WorldCat Identities

Hoffer, Thomas

Overview
Works: 29 works in 77 publications in 2 languages and 3,649 library holdings
Genres: Longitudinal studies 
Roles: Author
Classifications: LA222, 373.180973
Publication Timeline
.
Most widely held works by Thomas Hoffer
High school achievement : public, Catholic, and private schools compared by James S Coleman( Book )

11 editions published in 1982 in English and Undetermined and held by 1,180 WorldCat member libraries worldwide

Public and private high schools : the impact of communities by James S Coleman( Book )

10 editions published in 1987 in English and held by 975 WorldCat member libraries worldwide

High school seniors' instructional experiences in science and mathematics by Thomas Hoffer( Book )

4 editions published in 1996 in English and held by 357 WorldCat member libraries worldwide

Public and private schools by James S Coleman( Book )

10 editions published between 1981 and 1982 in English and held by 243 WorldCat member libraries worldwide

This report is one of a set of five that constitutes baseline descriptions and initial analyses of a very rich dataset. The report covers four major areas of interest in the comparison of public and private schools: student composition within the public and private sectors, resources available in these schools, the functioning of these schools, and the outcomes for students in the schools. The data and the analyses presented in this report are from the first (1980) wave of a longitudinal study. The responses are from questionnaires completed by representative samples of approximately 58,000 students in 1,015 public and private secondary schools, as well as their respective school officials. Catholic schools, which constitute about two-thirds of the total private sector, and other private schools are separately compared to public schools in the report. For some analyses, two additional sets of schools are included in the comparison. These are 11 high-performance private schools and a set of 12 high-performance public schools. Findings indicate that important factors in bringing about higher scholastic achievement in private and Catholic schools than in public schools are the greater academic demands and more ordered environment. The overall conclusion is made that the factual premises underlying policies that would facilitate use of private schools are much better supported on the whole than those underlying policies that would constrain their use. (Author/MLF)
Social background differences in high school mathematics and science coursetaking and achievement by Thomas Hoffer( Book )

2 editions published in 1995 in English and held by 221 WorldCat member libraries worldwide

Public and private schools by James S Coleman( Book )

3 editions published in 1981 in English and held by 24 WorldCat member libraries worldwide

Doctorate recipients from United States universities : summary report 2000( Book )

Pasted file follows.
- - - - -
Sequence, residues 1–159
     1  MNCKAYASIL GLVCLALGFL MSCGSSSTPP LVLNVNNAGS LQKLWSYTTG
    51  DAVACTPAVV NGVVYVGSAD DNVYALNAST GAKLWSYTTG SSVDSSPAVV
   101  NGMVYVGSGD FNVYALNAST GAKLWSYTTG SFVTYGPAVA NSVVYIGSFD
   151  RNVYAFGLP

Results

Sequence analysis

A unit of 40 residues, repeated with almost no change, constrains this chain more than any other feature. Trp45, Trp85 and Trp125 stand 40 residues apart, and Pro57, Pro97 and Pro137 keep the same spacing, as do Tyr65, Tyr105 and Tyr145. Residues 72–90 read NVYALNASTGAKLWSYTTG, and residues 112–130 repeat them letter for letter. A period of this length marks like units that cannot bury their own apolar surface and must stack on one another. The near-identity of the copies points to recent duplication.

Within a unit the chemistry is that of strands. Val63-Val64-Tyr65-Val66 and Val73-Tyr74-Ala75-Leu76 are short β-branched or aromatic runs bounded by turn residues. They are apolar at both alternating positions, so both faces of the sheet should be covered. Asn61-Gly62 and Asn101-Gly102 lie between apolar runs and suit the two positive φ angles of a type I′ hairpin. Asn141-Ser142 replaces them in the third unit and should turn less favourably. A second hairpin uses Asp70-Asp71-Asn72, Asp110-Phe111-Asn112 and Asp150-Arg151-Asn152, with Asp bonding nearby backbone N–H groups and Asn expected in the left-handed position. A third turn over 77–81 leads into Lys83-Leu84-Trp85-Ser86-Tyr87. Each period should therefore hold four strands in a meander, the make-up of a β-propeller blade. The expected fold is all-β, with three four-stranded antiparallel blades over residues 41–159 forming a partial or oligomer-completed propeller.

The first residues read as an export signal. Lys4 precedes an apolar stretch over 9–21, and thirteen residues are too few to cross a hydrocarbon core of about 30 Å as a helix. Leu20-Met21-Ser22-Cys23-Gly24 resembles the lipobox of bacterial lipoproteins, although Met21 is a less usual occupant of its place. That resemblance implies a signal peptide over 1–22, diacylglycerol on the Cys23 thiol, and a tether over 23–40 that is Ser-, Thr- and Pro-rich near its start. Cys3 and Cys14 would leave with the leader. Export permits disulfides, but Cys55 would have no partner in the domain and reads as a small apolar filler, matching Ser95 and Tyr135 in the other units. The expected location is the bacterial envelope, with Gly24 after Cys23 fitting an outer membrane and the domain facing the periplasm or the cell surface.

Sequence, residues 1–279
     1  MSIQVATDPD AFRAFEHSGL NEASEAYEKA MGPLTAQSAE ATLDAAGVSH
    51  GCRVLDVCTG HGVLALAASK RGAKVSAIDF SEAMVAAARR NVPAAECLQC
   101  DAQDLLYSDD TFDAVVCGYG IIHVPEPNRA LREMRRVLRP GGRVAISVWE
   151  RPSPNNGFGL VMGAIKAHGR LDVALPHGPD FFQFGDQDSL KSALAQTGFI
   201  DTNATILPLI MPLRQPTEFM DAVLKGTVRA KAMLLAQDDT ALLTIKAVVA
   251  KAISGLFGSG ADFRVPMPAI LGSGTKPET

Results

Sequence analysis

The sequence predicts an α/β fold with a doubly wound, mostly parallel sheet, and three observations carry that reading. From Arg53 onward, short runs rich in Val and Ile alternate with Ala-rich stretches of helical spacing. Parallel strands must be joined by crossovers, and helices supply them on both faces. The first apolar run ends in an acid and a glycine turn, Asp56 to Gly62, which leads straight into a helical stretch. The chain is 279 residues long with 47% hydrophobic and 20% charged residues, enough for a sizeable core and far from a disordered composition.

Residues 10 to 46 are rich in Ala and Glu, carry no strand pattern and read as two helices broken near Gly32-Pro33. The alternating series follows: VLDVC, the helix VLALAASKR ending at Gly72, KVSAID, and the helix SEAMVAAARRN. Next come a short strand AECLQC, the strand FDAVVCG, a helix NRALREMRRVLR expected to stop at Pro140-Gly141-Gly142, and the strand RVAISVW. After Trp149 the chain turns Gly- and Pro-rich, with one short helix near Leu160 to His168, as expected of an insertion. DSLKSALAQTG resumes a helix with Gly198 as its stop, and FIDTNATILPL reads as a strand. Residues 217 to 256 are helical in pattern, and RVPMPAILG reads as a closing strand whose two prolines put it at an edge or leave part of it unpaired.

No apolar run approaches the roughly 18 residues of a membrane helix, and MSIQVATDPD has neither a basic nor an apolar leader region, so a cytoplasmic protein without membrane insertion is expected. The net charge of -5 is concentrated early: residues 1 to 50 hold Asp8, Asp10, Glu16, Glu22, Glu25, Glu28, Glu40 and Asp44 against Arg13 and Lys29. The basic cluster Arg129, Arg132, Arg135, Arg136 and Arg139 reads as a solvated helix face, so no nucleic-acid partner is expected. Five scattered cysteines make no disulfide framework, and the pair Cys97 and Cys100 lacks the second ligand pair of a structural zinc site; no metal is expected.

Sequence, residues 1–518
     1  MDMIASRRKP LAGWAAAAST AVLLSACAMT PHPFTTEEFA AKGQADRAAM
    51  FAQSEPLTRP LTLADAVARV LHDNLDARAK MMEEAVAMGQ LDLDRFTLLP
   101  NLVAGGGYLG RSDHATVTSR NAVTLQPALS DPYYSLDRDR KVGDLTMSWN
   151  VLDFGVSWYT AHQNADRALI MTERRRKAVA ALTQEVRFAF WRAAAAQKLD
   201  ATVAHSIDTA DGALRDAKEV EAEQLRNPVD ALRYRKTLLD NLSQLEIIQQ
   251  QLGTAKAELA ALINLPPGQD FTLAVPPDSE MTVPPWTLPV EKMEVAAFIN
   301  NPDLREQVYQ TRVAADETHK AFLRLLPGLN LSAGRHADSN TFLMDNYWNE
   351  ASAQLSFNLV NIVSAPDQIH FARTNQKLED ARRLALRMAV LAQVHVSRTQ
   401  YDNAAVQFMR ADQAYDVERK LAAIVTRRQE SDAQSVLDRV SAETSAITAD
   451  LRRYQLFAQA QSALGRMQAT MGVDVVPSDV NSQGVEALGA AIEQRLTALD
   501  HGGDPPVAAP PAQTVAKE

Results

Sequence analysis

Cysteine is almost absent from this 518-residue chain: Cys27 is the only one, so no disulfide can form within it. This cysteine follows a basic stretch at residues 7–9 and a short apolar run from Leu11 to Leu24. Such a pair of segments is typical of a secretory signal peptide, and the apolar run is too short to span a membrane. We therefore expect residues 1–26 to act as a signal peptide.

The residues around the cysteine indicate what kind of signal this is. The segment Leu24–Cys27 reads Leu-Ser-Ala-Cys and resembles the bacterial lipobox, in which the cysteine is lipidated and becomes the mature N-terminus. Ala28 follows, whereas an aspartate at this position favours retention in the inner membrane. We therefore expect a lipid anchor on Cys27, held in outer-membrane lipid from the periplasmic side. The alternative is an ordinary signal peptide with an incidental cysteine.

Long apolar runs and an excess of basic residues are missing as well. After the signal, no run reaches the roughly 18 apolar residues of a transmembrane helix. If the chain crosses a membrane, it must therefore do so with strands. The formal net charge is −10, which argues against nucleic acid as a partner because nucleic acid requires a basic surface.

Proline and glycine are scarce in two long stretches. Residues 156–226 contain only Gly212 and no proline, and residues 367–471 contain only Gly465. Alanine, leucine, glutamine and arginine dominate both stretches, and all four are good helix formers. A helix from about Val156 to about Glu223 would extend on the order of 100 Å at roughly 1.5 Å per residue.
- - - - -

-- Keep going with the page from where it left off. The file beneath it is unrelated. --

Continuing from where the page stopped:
7 editions published between 2001 and 2006 in English and held by 24 WorldCat member libraries worldwide

Final report on the evaluation of the Growth Model Pilot Project by Thomas Hoffer( Book )

3 editions published in 2011 in English and held by 13 WorldCat member libraries worldwide

The U.S. Department of Education (ed) initiated the Growth Model Pilot Project (gmpp) in November 2005 with the goal of approving up to ten states to incorporate growth models in school adequate yearly progress (ayp) determinations under the "Elementary and Secondary Education Act" ("esea"). After extensive reviews, nine states were fully approved for the initial phase of the pilot project by the 2007-08 school year: Alaska, Arizona, Arkansas, Delaware, Florida, Iowa, North Carolina, Ohio, and Tennessee. Based on analyses of data provided by the U.S. Department of Education and by the pilot grantee states, this report describes the progress these states made in implementing the gmpp in the 2007-08 school year. The growth models implemented under the gmpp were all designed to augment rather than replace the standard status model and safe-harbor provisions for determining school ayp. The growth models resulted in more schools making ayp than would have been the case using only status and safe-harbor. The results of this analysis showed that schools serving economically disadvantaged student populations in all pilot states except for Arkansas were more likely than more-advantaged schools to make ayp by growth. The results of this analysis show that use of growth models generally added to the number of schools making ayp but that the numbers were not large in almost all pilot states. This study has also shown that the types of growth models states select for federal accountability purposes are consequential and raise some potentially difficult theoretical questions for policymakers. Appendices include: (1) Comparison of gmpp Growth Models with State Accountability Systems; (2) State gmpp Model Summaries; (3) Supplemental Exhibits; and (4) Derivation of the Generic Projection Model Rule for Identifying On-Track Students. (Contains 79 exhibits and 41 footnotes.) [For the related report, "Interim Report on the Evaluation of the Growth Model Pilot Project", see ed511755.]
Interim report on the evaluation of the Growth Model Pilot Project by Thomas Hoffer( Book )

3 editions published in 2010 in English and held by 6 WorldCat member libraries worldwide